By Victoria Cavaliere
NEW YORK (Reuters) - A nine-month-old boy will for now remain with his mother, a court ruled on Monday, in a custody battle with the baby's father, Olympic gold medal skier Bode Miller, that has raised questions about the rights of pregnant women to relocate.
Miller, 36, and ex-girlfriend Sara McKenna, 27, have been fighting for primary physical custody of the little boy since before the child was born. Legal battles over the boy he calls Nate and she calls Sam have played out in two states, New York and California.
Miller, who is currently on the World Cup tour and will compete in his fifth Olympics in Sochi in February, lives in southern California. He accused McKenna of moving to New York last December when she was seven months pregnant in an effort to seek out a state with courts that might be more sympathetic to the custody concerns of the mother.
McKenna, a former Marine who is attending graduate school at Columbia University on the G.I. bill, said she moved to Manhattan because she could not give up her dream of attending the Ivy League school.
A New York City family court referee sided with Miller in May, lambasting McKenna for leaving the West Coast before co-parenting details could be worked out. Court Attorney Referee Fiordaliza Rodriguez of New York County Family Court sent the case back to California where a judge gave Miller and his new wife, pro-volleyball player Morgan Beck-Miller, custody of the baby boy.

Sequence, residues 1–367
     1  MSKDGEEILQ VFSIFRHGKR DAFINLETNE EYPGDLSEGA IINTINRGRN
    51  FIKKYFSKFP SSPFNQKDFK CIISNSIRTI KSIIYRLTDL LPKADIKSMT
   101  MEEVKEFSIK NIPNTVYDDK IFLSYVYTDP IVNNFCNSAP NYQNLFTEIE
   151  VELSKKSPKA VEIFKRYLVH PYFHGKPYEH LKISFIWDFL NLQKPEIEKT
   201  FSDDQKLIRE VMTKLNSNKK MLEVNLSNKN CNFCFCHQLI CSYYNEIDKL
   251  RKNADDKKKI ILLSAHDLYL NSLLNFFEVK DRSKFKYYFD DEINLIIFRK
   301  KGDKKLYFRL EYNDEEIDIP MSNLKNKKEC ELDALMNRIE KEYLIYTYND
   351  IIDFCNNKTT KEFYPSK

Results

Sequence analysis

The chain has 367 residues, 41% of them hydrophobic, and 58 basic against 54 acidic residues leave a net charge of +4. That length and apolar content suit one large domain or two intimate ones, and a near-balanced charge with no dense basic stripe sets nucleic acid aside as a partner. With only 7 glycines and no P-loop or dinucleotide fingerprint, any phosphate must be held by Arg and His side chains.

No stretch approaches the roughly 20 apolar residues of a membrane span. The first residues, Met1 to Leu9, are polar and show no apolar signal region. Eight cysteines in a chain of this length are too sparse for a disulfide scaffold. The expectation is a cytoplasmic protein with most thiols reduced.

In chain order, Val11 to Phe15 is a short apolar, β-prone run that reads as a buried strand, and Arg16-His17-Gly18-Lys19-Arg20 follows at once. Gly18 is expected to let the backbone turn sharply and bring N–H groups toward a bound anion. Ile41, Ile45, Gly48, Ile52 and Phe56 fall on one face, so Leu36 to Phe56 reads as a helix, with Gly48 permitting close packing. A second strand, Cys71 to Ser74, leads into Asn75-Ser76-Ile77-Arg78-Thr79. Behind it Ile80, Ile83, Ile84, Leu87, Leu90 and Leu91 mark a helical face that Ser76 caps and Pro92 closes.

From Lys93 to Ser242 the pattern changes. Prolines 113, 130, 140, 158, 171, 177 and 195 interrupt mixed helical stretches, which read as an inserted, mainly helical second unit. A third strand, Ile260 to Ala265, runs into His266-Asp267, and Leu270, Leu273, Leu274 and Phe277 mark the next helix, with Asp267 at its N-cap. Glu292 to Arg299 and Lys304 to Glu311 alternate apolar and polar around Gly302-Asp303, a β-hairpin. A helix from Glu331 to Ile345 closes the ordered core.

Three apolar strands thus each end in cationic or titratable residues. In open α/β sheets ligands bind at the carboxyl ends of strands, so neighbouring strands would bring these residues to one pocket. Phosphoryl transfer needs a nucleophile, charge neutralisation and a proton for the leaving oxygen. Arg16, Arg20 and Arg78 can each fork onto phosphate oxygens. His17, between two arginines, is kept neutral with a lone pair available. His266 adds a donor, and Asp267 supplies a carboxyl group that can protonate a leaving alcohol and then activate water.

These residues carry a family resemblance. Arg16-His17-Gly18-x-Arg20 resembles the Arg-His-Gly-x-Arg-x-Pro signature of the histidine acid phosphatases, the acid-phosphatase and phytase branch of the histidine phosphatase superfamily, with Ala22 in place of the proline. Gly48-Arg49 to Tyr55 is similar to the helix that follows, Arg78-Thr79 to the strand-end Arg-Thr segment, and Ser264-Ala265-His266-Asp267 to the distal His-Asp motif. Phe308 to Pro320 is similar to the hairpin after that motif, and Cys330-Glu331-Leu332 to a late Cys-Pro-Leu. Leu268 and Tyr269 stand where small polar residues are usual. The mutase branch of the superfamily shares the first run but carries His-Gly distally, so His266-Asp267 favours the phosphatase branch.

McKenna's attorneys appealed, and a five-judge panel ruled on November 14 that McKenna's rights had been violated and that jurisdiction belongs in New York because the baby, born February 23, was a resident of the state. The decision effectively kicked the case back to the courtroom of Rodriguez, where a hearing was held on Monday.
At the court appearance, Rodriguez scheduled a new custody hearing for December 9 to give the parents and a court-appointed lawyer for the baby time to prepare. Until then, Rodriguez ruled, McKenna can keep the baby with her.
McKenna said after court that she was "just happy to be back with my son."
Though both McKenna and Miller say they are seeking a co-parenting agreement, each side claims to be better equipped to offer full-time care for the boy.
McKenna's lawyer said his client had seen her baby only for about 48 hours over the past two months and argued that Miller's busy travel schedule was not suited to raising a young child.
Miller's attorneys countered that before he was given custody, he had been granted very limited time with his son, and they said both father and stepmother have the time and money to fully care for the child.
(Editing by Barbara Goldberg and Bob Burgdorfer)